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#133900 - 10/05/02 09:24 AM International voltages
C-H Offline

Member

Registered: 09/17/02
Posts: 1508
Loc: Stockholm, Sweden
Trumpy started a thread on international wire colour codes. This reminded me that I had recently compiled some statistics on voltages used around the world, to see how many countries uses 230V and how many used 115V.

I hope I can get the table into this message:
(Testing...one...two...three...)

Nominal Supply Voltages Worldwide (2002)

50 Hz
 Quote:
 Code:
100V	1	Japan

110V	1	Jamaica

115V	1	Barbados

120V	0

127V	6	Indonesia, Libya, Madagascar, Morocco, Netherlands Antilles, Vietnam

220V	85	Afghanistan, Albania, Angola, Argentina, Armenia, Azerbaijan, Azores,
 		Balearic Islands, Bangladesh, Belarus, Benin, Bolivia, Bosnia & Herzegovina,
 		Burkina Faso, Burundi, Cameroon, Canary Islands, Cape Verde,
 		Central African Republic, Chad, Chile, China, Comoros, Congo (East),
 		Ivory Coast, Djibouti, East Timor, Egypt, Equatorial Guineas, Ethiopoa,
 		Faroe Islands, Falkland Islands, French Guiana, Gabon, Georgia, Greece,
 		Greenland, Guinea, Guinea-Bissau, Iceland, Kazakhstand, Kyrgyzstan,
 		Lativa, Lesotho, Liechtenstein, Lithuania, Macao, Macedonia, Madeira,
 		Mali, Martinique, Mauritania, Moldova, Monaco, Mozambique, Namibia,
 		New Caledonia, Niger, Norfolk Island, Paraquay, Portugal, Réunion Island,
 		Russia, San Marino, Sao Tome & Principe, Serbia & Montenegro, Slovenia,
 		Somalia, Syria, Tajikistan, Thailand, Togo, Turkmenistan, Ukraine,
 		United Arab Emirates, Uruguay, Uzbekistan, Zimbabwe, South Africa,
 		Yemen, Indonesia, Madagascar, Morocco, Netherlands Antilles, Vietnam

230V	68	Algeria, Andorra, Australia, Austria, Bahrain, Belgium, Bhutan, Botswana,
		Bulgaria, Cambodia, Congo (West), Croatia, Czech Republic, Denmark,
		Dominica, Eritrea, Estonia, Finland, France, Gambia, Germany, Ghana,
		Grenada, Guadeloupe, Hong Kong, Hungary, Iran, Iraq, Ireland, Israel,
 		Italy, Jordan, Laos, Lebanon, Luxembourg, Malawi, Maldieves, Mauritius,
		Mongolia, Myanmar, Nepal, Netherlands, New Zealand, Norway, Pakistan,
		Poland, Rwanda, Senegal, Sierra Leone, Singapore, Slovakia, Spain,
 		Sri Lanka St. Vincent Sudan, Swaziland, Sweden, Switzerland, Tanzania,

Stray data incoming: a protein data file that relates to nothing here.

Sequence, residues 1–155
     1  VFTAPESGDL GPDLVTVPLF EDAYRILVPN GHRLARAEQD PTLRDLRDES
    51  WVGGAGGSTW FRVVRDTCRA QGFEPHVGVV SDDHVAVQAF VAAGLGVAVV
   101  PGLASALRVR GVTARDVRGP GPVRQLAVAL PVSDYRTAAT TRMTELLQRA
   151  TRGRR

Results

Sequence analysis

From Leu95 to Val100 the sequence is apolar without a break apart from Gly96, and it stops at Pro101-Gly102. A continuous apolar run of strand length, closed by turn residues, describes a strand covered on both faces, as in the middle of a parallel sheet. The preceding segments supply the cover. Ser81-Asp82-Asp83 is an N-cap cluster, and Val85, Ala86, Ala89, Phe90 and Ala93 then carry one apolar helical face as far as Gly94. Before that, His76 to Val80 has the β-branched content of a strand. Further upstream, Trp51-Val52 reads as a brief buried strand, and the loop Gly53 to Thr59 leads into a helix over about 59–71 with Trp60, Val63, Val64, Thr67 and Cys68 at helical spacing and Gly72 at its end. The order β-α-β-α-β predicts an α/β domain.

Tunisia, Turkey, United Kingdom, Zambia, Indonesia, Boliva, South Africa,
		Yemen

240V	24	Brunei, Channel Islands, Cook Islands, Cyprus, Fiji, Gibraltar, India,
 		Isle Of Man, Kenya, Kiribati, Kuwait, Malaysia, Malta, Nauru, Nigeria,
 		Oman, Papua New Guinea, Qatar, Samoa, Seychelles, Solomon Islands,
 		St. Lucia, Tonga, Uganda

60 Hz
 Quote:
 Code:
100V	1	Japan

110V	14	Anguilla, Belize, Brazil, Colombia, Cuba, Dominican Republic, Guam, Haiti,
 		Honduras, Panama, Taiwan, Turks & Caicos Islands,
 		Virgin Islands US & UK

115V	2	El Salvador, Trinidad & Tobago

120V	14	American Samoa, Bahamas, Bermuda, Canada, Cayman Islands,
 		Costa Rica, Ecuador, Guatemala, Liberia, Micronesia, Nicaragua,
 		Puerto Rico, United States, Venezuela

127V	5	Aruba, Brazil, Saudi Arabia, Mexico, Suriname 

220V	9	Belize, Brazil, Cuba, French Polynesia, Peru, Philippines, South Korea,
 		Saudi Arabia, Vanuatu

230V	3	Antigua & Barbuda, Montserrat, St. Kitts & Nevis

240V	2	Guyana, Tuvalu

Note
Compilation for statistical purposes only. Do not use as reference.
Contains errors and omissions. Reliable data is available only for industrialised countries.
Voltage variations in developing countries are common.

For up to date information: www.kropla.com

[This message has been edited by C-H (edited 10-05-2002).]

[This message has been edited by C-H (edited 10-05-2002).]

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#133901 - 10/05/02 03:53 PM Re: International voltages
pauluk Offline
Member

Registered: 08/11/01
Posts: 7693
Loc: Norfolk, England
I've often looked through such lists as these and pondered over the reasons why certain places ended up with certain systems -- Colonial influence, proximity to other industrial nations, etc.

Some of the lists seem to be a little inaccurate (to put it mildly), but the Kropla ones don't seem to have any glaring mistakes.

The definition of nominal voltages is open to argument and political wrangling, however. As the list shows, for example, officially the U.K. is now a 230V country, although in practice in most areas nothing has changed since standardization at 240V some 30 years ago.

The "electrical bureaucrats" here decided to fall in-line with the EU-mandated 230V standard by simply adjusting our allowable supply tolerances. Previously it was 240V +/-6%, now it's specified as 230V +10%, -6%.

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#133902 - 10/05/02 04:25 PM Re: International voltages
David UK Offline
Member

Registered: 10/03/02
Posts: 134
Loc: Inverness, Scotland
Hi Paul
I hear what your saying, I haven't noticed any change in UK voltages (my loop tester displays mains voltage), mostly it displays 240V give or take 5V depending on time of day, loading etc.
230V Is just a paper exercise in harmonization, it would be my guess the same is true in continetal Europe.

David

[This message has been edited by David UK (edited 10-05-2002).]

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#133903 - 10/05/02 04:52 PM Re: International voltages
Bjarney Offline
Moderator

Registered: 04/10/02
Posts: 2561
Loc: West-Southern Inner-Northeast ...
C-H — That is an interesting way to present international voltage numbers. One comment about the US’ 120-versus-115…a lot of appliances are labeled 115 {so-called utilization voltage} but the circuits are usually 120V {termed service voltage.}

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#133904 - 10/06/02 01:10 AM Re: International voltages
pauluk Offline
Member

Registered: 08/11/01
Posts: 7693
Loc: Norfolk, England
Scott,
A lot of (American) electronic equipment from the 1960s seems to be specified for a nominal 117V.

For some countries especially, there is also the question of whether the supply is well regulated or not. It makes little difference whether we specify 220 or 230V if the regulation is as poor as 15% or more.

David,
Same here in Norfolk. I still see an average of 240V, and even during peak demand it seldom drops below 235V, temporary power problems excepted, of course (like last night, when it was zero for two hours! ).